Presentation Title

College Student Napping, Sleep, and Well Being

Advisor Information

Lisa Scherer

Location

UNO Library Room 249

Presentation Type

Oral Presentation

Start Date

1-3-2019 12:15 PM

End Date

1-3-2019 2:00 PM

Abstract

According to a 2013 Gallup poll (Jones, 2013), approximately 50% of adults aged 18 to 29 sleep fewer than 6 hours per night. An increasing number of colleges and universities are creating napping areas on campus to accommodate sleepy students, with some creating “Energy Pods” that schools have incorporated into their buildings where students can relax and nap (Waxman, 2014). Though sleep deprived students frequently suffer from compromised physical and mental health as well as decreased academic performance (Orzek, 2011), it is not clear the extent to which naps are the appropriate solution. Further complicating the question is whether the benefits of napping depend on the nap duration and when the nap is taken relative to nighttime sleep. One primary purpose of this study is purely exploratory and descriptive as we will examine the association between possible drivers of napping behaviors such as work-school conflict, and total number of hours employed. We will explore potential consequences of napping by correlating napping frequency, duration and timing on well-being and happiness. Finally, controlling for nighttime sleep quality and quantity, we will examine whether nappers versus non-nappers report enhanced or compromised well-being and happiness.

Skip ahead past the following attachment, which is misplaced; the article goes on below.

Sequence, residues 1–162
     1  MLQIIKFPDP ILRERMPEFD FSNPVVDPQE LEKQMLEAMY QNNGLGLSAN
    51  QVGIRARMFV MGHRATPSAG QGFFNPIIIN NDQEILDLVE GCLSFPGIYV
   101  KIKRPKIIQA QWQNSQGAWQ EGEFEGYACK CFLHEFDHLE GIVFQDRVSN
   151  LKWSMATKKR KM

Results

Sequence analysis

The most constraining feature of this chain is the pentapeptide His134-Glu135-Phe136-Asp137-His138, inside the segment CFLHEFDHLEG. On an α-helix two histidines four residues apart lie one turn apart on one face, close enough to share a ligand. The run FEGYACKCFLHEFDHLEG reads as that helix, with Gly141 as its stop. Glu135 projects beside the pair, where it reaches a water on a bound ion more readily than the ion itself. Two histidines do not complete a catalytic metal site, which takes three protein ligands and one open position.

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Mar 1st, 12:15 PM Mar 1st, 2:00 PM

College Student Napping, Sleep, and Well Being

UNO Library Room 249

According to a 2013 Gallup poll (Jones, 2013), approximately 50% of adults aged 18 to 29 sleep fewer than 6 hours per night. An increasing number of colleges and universities are creating napping areas on campus to accommodate sleepy students, with some creating “Energy Pods” that schools have incorporated into their buildings where students can relax and nap (Waxman, 2014). Though sleep deprived students frequently suffer from compromised physical and mental health as well as decreased academic performance (Orzek, 2011), it is not clear the extent to which naps are the appropriate solution. Further complicating the question is whether the benefits of napping depend on the nap duration and when the nap is taken relative to nighttime sleep. One primary purpose of this study is purely exploratory and descriptive as we will examine the association between possible drivers of napping behaviors such as work-school conflict, and total number of hours employed. We will explore potential consequences of napping by correlating napping frequency, duration and timing on well-being and happiness. Finally, controlling for nighttime sleep quality and quantity, we will examine whether nappers versus non-nappers report enhanced or compromised well-being and happiness.